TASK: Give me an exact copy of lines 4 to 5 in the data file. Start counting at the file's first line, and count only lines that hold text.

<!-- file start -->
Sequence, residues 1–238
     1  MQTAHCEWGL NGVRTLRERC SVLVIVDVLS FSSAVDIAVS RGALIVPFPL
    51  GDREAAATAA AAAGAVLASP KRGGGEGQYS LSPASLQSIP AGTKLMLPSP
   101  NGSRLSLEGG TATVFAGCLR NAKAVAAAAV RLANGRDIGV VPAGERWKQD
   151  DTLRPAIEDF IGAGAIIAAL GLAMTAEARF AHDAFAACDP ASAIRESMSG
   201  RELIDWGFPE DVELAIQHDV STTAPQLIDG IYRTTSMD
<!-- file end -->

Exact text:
   101  NGSRLSLEGG TATVFAGCLR NAKAVAAAAV RLANGRDIGV VPAGERWKQD
   151  DTLRPAIEDF IGAGAIIAAL GLAMTAEARF AHDAFAACDP ASAIRESMSG